Sunday, November 30, 2014

It's all in your mind.

I love the game of badminton. Ever since I decided to take the sport a little more seriously and get a coach to work on the technique, I've been wanting to find out more about the sport and how to play it better.

Heck, that's the exact reason why I started this blog - to explore the wonderful sport and see how else I can get more fun out of it. I've been fortunate to share this joy with many friends and avid supporters from all over the world, and I must say I am truly blessed to share and hear from the fans.

In the course of the game, I've had experiences where I suddenly grasp a certain concept to the game - how to perform a slice smash, how to make my smashes stronger, how to get a bit more distance from my backhand.

Each and every time, I'll take the lesson and give it a few more tries on the court to make sure that the theory works. And when I found that it did, I'll keep at it until I get it in my system. It's taken awhile longer to get those epiphanies and also to get them indoctrinated due to my lack of rrequent playing, but it's always a good feeling when I learn something else new.
I was on the courts in a singles game last Saturday, and I was missing the left corner of my opponents' court badly. I was putting the shuttle out hit after hit, and it was getting a little frustrating. 

Then a great shot came, and it left me wondering how I finally managed to pull it off. I remembered that at the moment of swinging, I was consciously telling myself to take this shot calmly and not put in too much of a swing.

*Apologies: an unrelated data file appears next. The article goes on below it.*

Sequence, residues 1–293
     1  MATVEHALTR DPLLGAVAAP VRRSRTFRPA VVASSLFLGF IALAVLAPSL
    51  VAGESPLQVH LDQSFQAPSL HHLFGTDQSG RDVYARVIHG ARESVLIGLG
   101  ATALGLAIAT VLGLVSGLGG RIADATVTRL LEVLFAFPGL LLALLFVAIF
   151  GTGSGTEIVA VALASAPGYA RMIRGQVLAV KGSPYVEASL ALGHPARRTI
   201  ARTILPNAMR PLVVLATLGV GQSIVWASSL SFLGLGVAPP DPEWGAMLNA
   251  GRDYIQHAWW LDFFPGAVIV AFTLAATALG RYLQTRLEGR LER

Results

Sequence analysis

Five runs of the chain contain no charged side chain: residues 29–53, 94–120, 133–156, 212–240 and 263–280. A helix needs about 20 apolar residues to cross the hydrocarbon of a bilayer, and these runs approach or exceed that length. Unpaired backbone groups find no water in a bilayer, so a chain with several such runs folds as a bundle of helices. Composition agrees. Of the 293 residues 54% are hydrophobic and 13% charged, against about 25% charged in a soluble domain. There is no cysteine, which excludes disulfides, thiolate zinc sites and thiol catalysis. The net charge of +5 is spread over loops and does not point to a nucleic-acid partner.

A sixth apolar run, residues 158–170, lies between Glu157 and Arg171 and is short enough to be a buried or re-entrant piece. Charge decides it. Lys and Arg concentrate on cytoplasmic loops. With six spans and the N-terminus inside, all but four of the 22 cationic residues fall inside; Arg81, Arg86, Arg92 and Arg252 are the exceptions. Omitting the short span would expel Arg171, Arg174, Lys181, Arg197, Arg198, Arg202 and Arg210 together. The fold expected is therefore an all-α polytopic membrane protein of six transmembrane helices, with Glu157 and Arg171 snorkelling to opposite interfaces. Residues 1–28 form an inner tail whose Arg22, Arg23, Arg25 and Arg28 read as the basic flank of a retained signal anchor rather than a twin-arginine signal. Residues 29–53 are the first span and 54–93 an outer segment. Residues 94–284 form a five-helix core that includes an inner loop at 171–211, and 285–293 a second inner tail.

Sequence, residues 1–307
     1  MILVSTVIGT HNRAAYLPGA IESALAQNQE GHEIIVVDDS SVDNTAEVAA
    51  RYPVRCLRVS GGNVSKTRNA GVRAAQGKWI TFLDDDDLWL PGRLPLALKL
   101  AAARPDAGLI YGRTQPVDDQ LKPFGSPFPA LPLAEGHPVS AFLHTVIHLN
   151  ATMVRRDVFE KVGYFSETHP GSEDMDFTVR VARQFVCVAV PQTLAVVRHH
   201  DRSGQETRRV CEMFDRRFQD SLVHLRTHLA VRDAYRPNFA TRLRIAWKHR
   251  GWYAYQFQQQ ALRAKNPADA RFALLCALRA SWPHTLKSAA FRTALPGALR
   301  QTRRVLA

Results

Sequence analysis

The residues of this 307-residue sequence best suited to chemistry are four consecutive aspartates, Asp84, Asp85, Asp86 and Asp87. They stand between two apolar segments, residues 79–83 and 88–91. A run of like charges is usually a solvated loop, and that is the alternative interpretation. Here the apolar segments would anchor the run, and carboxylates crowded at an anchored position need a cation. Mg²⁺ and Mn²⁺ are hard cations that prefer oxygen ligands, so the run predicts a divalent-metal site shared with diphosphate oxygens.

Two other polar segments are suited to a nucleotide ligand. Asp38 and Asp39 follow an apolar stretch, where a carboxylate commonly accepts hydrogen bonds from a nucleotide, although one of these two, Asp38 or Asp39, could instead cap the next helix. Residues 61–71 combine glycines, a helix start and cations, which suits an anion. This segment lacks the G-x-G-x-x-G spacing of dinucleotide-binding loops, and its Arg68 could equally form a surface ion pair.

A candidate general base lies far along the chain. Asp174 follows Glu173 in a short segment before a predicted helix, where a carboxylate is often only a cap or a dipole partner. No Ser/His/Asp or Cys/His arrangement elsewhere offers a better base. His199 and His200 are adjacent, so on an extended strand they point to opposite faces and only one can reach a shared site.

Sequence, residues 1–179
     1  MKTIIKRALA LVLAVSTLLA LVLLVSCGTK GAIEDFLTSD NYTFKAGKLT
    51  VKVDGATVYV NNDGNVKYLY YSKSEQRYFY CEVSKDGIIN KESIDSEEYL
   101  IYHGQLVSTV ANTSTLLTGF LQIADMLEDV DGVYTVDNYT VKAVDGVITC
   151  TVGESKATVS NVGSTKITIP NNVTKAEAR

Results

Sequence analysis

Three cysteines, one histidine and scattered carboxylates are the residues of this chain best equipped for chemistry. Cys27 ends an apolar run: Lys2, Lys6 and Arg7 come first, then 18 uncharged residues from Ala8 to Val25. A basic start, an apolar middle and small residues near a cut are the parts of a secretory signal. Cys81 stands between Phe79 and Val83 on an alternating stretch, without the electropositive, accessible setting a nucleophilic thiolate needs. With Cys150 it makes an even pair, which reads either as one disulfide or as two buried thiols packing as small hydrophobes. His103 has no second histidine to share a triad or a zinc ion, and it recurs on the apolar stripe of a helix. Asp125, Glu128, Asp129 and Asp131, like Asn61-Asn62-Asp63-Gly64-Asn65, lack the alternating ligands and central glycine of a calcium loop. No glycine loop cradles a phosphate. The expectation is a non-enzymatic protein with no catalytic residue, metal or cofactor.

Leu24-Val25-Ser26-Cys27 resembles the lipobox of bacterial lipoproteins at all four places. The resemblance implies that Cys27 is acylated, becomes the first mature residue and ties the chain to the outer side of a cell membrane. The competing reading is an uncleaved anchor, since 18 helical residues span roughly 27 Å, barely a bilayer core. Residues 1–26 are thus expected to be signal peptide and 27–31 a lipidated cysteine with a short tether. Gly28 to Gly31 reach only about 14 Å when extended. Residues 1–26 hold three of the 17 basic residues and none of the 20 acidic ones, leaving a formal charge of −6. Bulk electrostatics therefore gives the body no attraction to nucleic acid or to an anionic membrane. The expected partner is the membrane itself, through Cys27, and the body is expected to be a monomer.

So I gave this approach a try, and honest-to-truth it worked!

Each time I was presented with a shot, I would concentrate willingly on where I wanted to put it, and how I wanted it to travel. I told myself that I shouldn't put too much strength into the swing, no matter how far I wanted it to travel. 

The end result of a carefully calculated shot can be amazing, and I'm glad I took the time to discover and try it out.

It may sound simple enough, and a lot of players out there may already be able to hit the courts accurately without psyching yourself up, but I hope those that those who still throw off wild shots give this method a try.

It's simple, yet agonizingly hard to do.

Let me know how it goes. 

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